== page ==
This perspective offered for any who have ever discussed our Country's involvement in overseas conflicts AND wants true insight into whatever debate there may have been or is yet to come. This is not from a politician, bureaucrat, or activist; it is personal and from my son Chris, a combat veteran who commanded troops and was directly involved.
I am confident that you will learn more about our military involvement from this one passage than from all the hot air, bluster, bravado, and commentary you have heard to date. While this one "Soldier's Story" is most personal for Chris and our family, he agreed that it was one that needed to be told.
Then a 1st Lieutenant and platoon leader, Chris' 4th Brigade Combat Team, 82nd Airborne deployed in the summer of 2009 to Farah Province in Afghanistan. Farah was one of the most insecure areas in the relatively peaceful west, and Chris and the men of "C" Troop, 4-73 Cavalry, were assigned the unenviable and difficult task of clearing out the Taliban from a place that no one ever imagined them leaving.
Their assault on the provincial city of Shewan broke the back of the Taliban, and brought much needed medical help and supplies to a beleaguered populace. Over that year of deployment, these brave soldiers stabilized the region, losing forty of their own doing so. A successful mission by any measure.
When Chris and his comrades fought in this operation in Shewan, our family lived through it stateside, hoping for both a successful mission and his safe return. With God's help, we realized both.
Yesterday, we learned the unthinkable; the BBC reported an Afghan police commander and 13 junior officers joined the Taliban in the western Afghan province of Farah, in what correspondents say could be the biggest defection by police. The men are said to have taken heavy weaponry, radios and police vehicles including US-made armored Humvees.
"Long before the commander defected, he must have been passing intelligence and crucial information to the insurgents," an official stated. The province has a strategic position, bordering Iran, and the key Kandahar-Herat highway passes through Farah, which is now seeing increasing levels of violence.
I can only imagine the pain, the sense of betrayal, those who served in this operation felt. Chris offered the following perspective which begins to detail that “Soldier's Story":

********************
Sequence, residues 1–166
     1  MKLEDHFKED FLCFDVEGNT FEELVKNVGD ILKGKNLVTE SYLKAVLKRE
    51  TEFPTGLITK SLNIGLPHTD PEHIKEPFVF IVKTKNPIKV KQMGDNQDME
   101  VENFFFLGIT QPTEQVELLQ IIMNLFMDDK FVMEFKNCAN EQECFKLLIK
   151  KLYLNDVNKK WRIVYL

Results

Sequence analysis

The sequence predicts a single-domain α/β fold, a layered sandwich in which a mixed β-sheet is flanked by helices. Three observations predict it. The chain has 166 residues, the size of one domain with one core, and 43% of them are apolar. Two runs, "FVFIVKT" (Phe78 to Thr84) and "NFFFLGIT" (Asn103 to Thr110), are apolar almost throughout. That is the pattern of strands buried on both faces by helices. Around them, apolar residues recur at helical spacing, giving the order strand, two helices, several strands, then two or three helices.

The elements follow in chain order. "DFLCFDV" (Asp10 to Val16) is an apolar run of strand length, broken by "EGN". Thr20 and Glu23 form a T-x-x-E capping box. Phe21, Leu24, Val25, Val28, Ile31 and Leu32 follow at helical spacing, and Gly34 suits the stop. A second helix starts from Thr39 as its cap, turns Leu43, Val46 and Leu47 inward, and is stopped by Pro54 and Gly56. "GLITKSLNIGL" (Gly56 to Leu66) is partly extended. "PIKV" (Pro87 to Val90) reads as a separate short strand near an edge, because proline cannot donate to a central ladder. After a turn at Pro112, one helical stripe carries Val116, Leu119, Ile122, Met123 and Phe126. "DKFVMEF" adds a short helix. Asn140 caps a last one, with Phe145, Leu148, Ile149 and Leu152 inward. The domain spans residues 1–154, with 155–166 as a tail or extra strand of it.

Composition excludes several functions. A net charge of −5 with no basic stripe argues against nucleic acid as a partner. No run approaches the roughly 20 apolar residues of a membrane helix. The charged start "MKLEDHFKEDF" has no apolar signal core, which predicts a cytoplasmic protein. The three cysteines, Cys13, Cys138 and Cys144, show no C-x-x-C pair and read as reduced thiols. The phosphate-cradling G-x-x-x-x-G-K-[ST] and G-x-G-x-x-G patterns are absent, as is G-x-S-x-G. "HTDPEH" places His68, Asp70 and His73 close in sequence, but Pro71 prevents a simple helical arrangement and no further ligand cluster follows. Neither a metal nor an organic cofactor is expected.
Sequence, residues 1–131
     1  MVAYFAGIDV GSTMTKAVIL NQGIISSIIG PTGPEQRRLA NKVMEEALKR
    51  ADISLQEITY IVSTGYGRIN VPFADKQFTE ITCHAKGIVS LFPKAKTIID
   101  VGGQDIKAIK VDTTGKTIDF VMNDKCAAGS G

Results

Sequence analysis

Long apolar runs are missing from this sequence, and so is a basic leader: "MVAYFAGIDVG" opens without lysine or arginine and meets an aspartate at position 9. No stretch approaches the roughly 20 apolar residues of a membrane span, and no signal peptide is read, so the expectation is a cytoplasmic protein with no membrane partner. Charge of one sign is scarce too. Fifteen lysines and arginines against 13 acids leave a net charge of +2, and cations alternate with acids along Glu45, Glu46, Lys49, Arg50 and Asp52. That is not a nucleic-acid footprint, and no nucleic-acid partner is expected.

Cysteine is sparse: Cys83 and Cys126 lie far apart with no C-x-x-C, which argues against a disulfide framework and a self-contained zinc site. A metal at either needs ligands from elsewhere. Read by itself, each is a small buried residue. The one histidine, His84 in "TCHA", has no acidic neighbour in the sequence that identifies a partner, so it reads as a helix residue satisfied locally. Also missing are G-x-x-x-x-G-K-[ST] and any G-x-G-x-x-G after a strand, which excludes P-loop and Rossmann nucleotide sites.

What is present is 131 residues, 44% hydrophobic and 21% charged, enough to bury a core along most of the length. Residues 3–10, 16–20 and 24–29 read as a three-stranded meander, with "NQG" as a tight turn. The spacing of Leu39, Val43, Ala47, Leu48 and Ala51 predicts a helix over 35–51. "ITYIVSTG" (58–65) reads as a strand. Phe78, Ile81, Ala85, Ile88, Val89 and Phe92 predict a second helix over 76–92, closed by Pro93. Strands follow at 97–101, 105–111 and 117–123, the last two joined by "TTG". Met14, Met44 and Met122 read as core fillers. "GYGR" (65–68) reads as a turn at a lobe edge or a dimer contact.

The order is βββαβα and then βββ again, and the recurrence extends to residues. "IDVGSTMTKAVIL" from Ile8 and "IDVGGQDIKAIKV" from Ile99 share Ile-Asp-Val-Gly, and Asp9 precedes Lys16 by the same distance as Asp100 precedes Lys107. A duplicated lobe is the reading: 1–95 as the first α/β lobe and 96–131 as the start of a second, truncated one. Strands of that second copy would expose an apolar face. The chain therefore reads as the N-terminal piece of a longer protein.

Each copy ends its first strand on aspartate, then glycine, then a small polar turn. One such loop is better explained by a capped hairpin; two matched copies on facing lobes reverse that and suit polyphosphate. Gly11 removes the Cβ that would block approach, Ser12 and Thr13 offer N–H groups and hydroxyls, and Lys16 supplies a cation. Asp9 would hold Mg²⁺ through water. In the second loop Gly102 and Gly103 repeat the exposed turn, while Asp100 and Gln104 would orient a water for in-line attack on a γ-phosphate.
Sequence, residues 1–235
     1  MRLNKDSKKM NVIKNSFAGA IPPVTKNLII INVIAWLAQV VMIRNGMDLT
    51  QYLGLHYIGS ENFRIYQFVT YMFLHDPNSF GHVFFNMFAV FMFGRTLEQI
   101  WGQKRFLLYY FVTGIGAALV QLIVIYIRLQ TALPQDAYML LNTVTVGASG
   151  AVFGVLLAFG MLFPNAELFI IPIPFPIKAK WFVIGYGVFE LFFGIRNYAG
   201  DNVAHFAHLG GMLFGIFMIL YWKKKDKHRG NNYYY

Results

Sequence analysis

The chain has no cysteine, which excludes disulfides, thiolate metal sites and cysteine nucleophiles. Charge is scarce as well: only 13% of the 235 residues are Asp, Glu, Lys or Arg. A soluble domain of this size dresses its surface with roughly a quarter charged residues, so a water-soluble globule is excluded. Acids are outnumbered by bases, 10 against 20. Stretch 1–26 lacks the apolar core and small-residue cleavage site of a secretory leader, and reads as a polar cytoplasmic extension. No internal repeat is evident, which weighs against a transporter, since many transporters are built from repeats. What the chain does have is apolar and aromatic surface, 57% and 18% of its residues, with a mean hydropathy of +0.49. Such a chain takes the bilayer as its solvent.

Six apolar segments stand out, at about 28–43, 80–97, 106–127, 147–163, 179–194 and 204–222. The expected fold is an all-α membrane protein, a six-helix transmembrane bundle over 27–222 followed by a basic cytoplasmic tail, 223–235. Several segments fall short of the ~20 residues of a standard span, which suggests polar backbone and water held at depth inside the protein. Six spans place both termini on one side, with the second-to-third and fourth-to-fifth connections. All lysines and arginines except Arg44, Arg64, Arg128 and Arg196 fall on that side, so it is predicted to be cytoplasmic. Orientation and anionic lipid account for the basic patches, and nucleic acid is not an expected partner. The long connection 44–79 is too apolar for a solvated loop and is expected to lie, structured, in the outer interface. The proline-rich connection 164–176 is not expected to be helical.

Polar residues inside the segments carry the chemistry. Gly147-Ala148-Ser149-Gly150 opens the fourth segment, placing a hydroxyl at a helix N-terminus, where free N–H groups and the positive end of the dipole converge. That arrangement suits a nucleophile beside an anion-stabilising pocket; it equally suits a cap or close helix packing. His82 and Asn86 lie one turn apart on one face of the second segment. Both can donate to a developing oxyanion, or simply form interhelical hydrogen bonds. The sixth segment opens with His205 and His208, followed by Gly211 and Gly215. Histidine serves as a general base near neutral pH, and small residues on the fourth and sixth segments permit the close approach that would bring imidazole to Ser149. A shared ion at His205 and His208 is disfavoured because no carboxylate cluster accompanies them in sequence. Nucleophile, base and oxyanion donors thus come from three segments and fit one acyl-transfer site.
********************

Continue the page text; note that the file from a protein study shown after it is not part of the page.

"For my civilian friends: To put how this feels into perspective for you, imagine taking an entire year of your life, and devoting it to accomplishing a single goal. Imagine you and the best people you know pouring their blood, sweat, and tears into a cause. Picture endless dismounted patrols in the hot sun, in sandstorms, dust, mud, with 75 to 120 pounds of equipment, often three times a day on less than five hours sleep. Envision spending countless hours training and equipping a people to fight their aggressors, and standing side-by-side with them in doing so.
Now, picture that after all of that work, and all of the broken hearts and broken families that resulted from it, you wake up one day and discover that the goal you were working towards has been crushed. Now, you might be able to understand the impact of this article on anyone from C Troop, 4-73 Cavalry, and the men who fought before, after, and alongside us.
For my former Soldiers: Despite how this might feel for you (and it might feel completely different for each one of you), it does not minimize what we did together. We cleared the Taliban from a place that no one ever imagined them leaving, even if only for a time. We demonstrated that men from diverse backgrounds working together can overcome the most austere and dangerous conditions.
We left it all on the field, and we have nothing to be ashamed of. When we are all grandparents, we can still proudly speak of the sacrifice that was put into a noble cause, and of the fight we took to the enemy in the name of freedom and in response to the worst attack on our nation in its history."
This is real, true, and should make each and every one of us demand politicians clearly define the implementation and expectation of our mission before we commit the lives of our real 1% ... the heroic men and women of our Armed Forces. We should not expect these warriors to accomplish a mission, spilling their blood to do that, only to see those sacrifices betrayed. All that said as a proud yet somewhat frustrated military Dad, I am most proud of the fact that I know each and every one of Chris' comrades feel the same way he does, and will hold their head high with the knowledge that yes, they answered the bell when their nation called. We are all blessed to have them and all those who served before them.